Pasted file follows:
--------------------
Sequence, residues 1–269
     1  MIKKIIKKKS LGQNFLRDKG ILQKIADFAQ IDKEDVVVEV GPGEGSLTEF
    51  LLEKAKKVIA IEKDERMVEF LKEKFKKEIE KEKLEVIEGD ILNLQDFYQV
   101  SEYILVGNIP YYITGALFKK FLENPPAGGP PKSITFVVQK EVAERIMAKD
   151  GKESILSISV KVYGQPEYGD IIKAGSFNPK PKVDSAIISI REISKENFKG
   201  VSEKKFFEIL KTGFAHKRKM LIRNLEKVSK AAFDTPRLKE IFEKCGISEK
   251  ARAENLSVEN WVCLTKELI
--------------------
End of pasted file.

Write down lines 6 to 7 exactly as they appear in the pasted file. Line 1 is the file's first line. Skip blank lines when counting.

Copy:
   201  VSEKKFFEIL KTGFAHKRKM LIRNLEKVSK AAFDTPRLKE IFEKCGISEK
   251  ARAENLSVEN WVCLTKELI